Vakesa Townson, a married mother of two in north Texas, didn't plan to fall into poverty. But she landed there after her 17-year marriage ended. And while she benefited from food stamps and Medicaid, she lacked the cash assistance she needed to get by.
In Texas and many other states, welfare is viewed as a last resort for poor people who are too old or too sick to work. Rather than help those people move into the workforce, lawmakers have used federal welfare funds to shore up foster care, child protection services and other social programs that are more closely tied to the state's economy.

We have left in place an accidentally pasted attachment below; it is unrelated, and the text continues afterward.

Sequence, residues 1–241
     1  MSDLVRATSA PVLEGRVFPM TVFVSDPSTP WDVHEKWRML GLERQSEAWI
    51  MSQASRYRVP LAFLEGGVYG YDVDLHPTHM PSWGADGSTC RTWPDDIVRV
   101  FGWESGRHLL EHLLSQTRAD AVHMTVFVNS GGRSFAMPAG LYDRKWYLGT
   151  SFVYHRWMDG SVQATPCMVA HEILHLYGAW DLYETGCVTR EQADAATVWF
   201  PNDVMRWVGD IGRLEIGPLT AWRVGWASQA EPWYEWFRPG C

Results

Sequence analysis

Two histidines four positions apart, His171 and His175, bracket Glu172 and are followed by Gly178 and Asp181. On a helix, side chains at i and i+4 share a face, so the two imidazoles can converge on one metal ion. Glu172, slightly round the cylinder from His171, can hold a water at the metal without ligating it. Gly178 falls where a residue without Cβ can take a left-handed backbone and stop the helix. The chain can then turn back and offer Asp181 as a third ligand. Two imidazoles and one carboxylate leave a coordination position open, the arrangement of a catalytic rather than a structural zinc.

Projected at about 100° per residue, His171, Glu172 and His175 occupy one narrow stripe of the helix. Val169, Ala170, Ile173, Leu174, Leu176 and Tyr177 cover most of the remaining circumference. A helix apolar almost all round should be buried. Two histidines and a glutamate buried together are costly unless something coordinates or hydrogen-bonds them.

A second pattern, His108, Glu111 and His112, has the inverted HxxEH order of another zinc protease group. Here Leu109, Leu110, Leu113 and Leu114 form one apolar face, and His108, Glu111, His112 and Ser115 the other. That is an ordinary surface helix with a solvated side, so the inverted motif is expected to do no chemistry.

While advocates for the poor say that Texas's welfare policies are a numbers game that avoids the hard work of reducing poverty, some service providers and not-for-profit agencies argue that those dollars do back up a "holistic approach" to the problem. They also believe it is necessary for the state to have flexibility with its federal funding.
Since 1996, when Congress reformed welfare and created the Temporary Assistance for Needy Families program, state officials have used some of their federal funding to shore up foster care, child protection services, health care and other programs that are not directly linked to employment or income. As a result, the percentage of Texans receiving welfare benefits has dropped to one of the lowest in the country, according to a report from the U.S. Census Bureau released in January.